For me 5E plays a bit like a game of chess where no one is allowed to take your queen. Its like chess, plays like chess, can feel fun like chess, but unless you really make a major mistake the outcome is pre-ordained. As a player it is fun to win, but it lacks a certain quality of drama and meaning. Much like the video game fantasy genre that 5E leans into so heavily, ie. you put your time in and you eventually finish the story – which of course is big fun for a lot of people, just not as much for me.

  3. EvilDan says:

    Having killed and been killed in all editions except the last, character death was everpresent and led to the best character stories and usually a scar. Having a resurrected wizard come back and not be able to grow hair from a fireball gone wrong, did nothing but give my player a reason to buy and paint a new fig. We kept # of times able to come back = CON score but without being able to die, there would be no tension. And if you total party killed, you made new NPCs to PCs to retrieve the corpses. Campaigns are built on rise and fall. To lose that is the short comings of an inexperienced GM. We can all make it better.

  4. Keith S says:

    The idea that “a death cuts all those connections and stalls story threads without resolution” ignores the impact of character death on the rest of the party, and suggests that the story depends on one character. That viewpoint trivializes the efforts of the party and its surviving members.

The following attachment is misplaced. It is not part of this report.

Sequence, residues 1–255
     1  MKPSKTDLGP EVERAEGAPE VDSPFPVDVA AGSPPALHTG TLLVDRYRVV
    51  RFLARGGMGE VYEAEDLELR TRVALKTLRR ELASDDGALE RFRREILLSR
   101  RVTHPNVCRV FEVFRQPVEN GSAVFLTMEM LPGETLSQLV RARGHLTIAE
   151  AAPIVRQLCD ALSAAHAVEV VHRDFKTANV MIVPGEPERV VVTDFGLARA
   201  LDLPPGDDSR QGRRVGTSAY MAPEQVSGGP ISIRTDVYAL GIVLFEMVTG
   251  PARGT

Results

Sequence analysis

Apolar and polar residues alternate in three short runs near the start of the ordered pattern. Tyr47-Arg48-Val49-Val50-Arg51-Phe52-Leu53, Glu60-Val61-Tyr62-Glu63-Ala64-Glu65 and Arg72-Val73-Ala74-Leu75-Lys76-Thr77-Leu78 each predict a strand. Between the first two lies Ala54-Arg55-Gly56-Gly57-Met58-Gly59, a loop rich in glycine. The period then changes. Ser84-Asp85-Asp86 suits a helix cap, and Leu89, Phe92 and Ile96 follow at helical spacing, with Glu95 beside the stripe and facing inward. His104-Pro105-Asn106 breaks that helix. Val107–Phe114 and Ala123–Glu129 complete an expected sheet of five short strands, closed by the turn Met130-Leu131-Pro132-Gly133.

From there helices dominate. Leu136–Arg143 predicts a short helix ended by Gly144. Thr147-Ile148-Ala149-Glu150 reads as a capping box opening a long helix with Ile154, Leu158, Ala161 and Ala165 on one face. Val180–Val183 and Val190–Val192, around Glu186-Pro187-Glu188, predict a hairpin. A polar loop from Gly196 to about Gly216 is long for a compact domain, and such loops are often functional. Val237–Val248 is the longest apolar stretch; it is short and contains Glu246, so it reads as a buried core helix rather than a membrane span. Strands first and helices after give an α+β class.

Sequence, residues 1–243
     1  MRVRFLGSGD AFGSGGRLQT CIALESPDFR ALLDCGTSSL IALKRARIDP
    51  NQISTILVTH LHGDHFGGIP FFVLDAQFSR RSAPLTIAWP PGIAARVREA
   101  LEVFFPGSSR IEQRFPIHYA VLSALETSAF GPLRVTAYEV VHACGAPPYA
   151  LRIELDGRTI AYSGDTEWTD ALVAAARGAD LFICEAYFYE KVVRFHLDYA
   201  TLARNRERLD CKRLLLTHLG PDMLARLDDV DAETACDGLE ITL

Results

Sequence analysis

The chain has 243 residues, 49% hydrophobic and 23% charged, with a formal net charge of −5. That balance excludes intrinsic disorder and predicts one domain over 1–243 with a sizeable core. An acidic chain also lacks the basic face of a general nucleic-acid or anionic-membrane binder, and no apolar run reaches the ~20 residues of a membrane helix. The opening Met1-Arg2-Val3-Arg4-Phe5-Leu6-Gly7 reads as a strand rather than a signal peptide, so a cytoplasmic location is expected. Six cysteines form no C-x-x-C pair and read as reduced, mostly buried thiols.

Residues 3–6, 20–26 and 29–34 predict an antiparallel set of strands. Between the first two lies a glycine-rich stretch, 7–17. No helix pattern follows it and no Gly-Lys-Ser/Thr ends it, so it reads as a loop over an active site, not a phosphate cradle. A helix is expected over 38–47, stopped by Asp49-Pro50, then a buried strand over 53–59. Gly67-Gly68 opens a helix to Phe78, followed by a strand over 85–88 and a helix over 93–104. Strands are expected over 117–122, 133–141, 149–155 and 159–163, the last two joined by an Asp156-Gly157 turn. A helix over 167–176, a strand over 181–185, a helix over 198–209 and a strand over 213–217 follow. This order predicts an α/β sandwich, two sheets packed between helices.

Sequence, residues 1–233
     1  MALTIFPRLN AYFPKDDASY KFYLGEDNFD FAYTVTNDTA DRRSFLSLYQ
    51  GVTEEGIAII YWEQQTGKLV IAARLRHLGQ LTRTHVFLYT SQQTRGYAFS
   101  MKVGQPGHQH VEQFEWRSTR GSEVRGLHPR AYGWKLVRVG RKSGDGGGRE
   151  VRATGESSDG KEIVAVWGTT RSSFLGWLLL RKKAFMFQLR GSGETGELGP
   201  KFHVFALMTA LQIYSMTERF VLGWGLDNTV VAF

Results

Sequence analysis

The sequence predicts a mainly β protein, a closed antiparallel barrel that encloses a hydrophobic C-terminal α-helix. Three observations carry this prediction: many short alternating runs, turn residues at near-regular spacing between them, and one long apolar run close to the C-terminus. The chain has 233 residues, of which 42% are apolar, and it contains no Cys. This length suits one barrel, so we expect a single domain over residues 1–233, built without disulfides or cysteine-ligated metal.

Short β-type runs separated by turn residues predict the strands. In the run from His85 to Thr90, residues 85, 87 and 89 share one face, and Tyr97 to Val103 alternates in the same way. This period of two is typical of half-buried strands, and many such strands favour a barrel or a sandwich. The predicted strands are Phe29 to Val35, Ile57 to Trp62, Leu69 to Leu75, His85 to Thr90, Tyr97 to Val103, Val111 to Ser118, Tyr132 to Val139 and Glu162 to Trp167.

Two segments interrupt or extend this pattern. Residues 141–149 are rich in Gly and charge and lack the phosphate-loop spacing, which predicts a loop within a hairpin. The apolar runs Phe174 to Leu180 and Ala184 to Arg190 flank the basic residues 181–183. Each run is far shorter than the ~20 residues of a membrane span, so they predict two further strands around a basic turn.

As a DM I try to keep an eye on where the PCs are danger-wise. Not to bail them out, but I may drop a hint to the party if they’re unaware of the peril and the player hasn’t indicated it. Since 2008 my four play groups (about 20 players) have experienced three character deaths. They’ve all been important milestones in the stories, not endpoints for the story. Most of my players have vivid memories of the events. Two of three players whose characters have died have told me they appreciated how the deaths were handled and what they meant to the story. The third is a casual player, who was content to roll up another character similar to his first and just play on.

  5. alphastream says:

    2E and earlier editions simply had fragile PCs. You could die easily, end of story.

    3E had monsters that were absolutely brutal at all tiers, plus some really exploitable loopholes (such as non-associated class levels) that created sky-high challenges. This all meant that characters could easily die, even when they had full hit points, if the DM knew how to craft monsters. Unfortunately, it was incredibly taxing to modify monsters.

    4E gave PCs too much of a safety net between HPs and healing surges, though the edition also had some amazing challenges (especially after the devs went back and corrected the monster design math).